To celebrate Juan’s PhD I offered him a book (that I found by pure chance in a second hand book store) co-written by an author that Juan will have no doubt quoted in his PhD thesis, Warren Ten Houten. Ten Houten was one of the first people to pre-empt the ethnoneurologies.

From med-student to Colombian Journalist to Australian student and researcher, Juan Dominguez’s journey is an inspiration! On saturday 23rd of August, 2008, I was proud to see him awarded his PhD by the Chancellor of Melbourne University! I look forward to seeing your research evolve, the possibility of future research collaborations and many more achievements in the field of neuroanthropology! Best of luck Juan!

4 thoughts on “The first PhD in Neuroanthropology!

  1. Wow, that’s fantastic. I’m fairly convinced that PhD’s in multidisciplinary areas will be the wave of the future. At the very least, it’s my plan. I’m in graduate school studying Mathematics and Evolution.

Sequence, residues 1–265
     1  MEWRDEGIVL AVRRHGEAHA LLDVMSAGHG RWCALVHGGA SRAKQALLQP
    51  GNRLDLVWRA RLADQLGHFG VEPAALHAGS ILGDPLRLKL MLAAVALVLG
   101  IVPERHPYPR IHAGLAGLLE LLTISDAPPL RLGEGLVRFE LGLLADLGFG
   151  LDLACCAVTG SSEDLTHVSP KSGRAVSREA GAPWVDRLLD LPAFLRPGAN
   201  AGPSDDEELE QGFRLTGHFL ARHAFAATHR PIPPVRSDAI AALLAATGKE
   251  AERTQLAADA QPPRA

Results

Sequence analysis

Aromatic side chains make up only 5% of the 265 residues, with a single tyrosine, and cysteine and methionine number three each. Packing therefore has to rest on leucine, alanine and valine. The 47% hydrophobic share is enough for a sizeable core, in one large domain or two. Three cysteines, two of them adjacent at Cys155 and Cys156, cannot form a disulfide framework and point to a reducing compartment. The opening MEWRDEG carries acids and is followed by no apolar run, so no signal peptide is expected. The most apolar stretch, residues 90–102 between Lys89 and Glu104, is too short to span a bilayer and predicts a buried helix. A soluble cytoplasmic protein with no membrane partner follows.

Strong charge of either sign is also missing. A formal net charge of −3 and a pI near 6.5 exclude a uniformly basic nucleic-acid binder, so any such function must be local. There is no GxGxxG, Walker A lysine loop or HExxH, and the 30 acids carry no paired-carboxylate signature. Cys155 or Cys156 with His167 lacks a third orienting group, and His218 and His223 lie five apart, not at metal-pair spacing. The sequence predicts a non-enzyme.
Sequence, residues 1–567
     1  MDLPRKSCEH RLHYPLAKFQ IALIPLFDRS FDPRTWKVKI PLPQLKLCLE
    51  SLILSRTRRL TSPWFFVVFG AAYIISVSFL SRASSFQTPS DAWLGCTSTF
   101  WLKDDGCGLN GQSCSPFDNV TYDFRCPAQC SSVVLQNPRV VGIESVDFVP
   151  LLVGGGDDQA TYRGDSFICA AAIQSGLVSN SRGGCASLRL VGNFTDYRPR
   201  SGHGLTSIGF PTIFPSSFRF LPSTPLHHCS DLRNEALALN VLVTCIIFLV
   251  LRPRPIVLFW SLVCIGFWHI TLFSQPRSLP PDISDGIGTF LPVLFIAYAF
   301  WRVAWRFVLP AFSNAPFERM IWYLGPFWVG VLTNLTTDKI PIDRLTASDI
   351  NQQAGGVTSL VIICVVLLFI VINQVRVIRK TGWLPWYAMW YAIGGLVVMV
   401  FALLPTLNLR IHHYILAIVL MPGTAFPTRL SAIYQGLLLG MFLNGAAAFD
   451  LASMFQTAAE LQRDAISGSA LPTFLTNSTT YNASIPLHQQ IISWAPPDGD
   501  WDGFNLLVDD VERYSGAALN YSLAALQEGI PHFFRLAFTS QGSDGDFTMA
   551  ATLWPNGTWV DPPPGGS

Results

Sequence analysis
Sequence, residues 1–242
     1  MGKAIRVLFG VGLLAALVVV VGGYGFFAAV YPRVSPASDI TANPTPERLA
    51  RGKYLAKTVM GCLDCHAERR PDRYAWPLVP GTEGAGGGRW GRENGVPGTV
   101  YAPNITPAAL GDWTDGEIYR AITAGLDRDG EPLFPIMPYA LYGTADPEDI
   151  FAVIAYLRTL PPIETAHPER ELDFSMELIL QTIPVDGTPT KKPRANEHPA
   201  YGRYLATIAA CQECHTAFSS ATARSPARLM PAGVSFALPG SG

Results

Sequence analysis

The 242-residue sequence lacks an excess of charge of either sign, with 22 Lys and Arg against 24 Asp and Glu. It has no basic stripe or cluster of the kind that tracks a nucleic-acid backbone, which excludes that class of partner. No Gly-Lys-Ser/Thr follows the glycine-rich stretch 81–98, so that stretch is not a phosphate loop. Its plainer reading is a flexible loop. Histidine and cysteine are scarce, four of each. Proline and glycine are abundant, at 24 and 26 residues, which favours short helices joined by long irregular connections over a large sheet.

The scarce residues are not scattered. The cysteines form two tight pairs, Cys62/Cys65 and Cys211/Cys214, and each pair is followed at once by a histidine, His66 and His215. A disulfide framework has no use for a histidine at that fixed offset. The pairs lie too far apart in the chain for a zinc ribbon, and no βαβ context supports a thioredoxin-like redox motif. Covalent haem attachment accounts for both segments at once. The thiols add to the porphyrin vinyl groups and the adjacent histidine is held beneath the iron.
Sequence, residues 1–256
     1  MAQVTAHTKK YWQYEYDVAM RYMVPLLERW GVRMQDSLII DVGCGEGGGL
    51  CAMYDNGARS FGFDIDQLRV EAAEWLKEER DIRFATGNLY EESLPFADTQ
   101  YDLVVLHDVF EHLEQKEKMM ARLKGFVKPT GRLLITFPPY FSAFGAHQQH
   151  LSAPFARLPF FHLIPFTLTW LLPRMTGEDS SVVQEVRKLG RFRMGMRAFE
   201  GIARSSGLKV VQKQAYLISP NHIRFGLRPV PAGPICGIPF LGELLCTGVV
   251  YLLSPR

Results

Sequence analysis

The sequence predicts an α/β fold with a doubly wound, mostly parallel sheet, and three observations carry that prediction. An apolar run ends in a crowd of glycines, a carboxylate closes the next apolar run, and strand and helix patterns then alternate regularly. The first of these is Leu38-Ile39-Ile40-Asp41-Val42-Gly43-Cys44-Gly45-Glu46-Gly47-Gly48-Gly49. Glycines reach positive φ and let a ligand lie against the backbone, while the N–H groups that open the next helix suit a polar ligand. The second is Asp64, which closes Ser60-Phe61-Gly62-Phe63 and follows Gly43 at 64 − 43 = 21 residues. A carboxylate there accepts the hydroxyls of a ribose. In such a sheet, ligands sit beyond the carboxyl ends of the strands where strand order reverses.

Getting people in different fields to talk to one another in their own “languages” isn’t always easy. People with hybrid degrees can act as bridges of communication and be in a unique position to see connections others wouldn’t.

  2. I should also mention that Juan completed a Bachelor of Anthropology in Colombia. I look forward to him becoming an interdisciplinary diplomat.

    As long as there is an abundance of people specialising in their disciplines and becoming lost in their own jargon, there there will always be a need for systems generalists and those people that can communicate across disciplines!

  3. Pingback: Complete this quote: “There is considerable debate surrounding the issue of…” « Neuroanthropology

  4. Pingback: Neuroanthropology of ethics | Culture Matters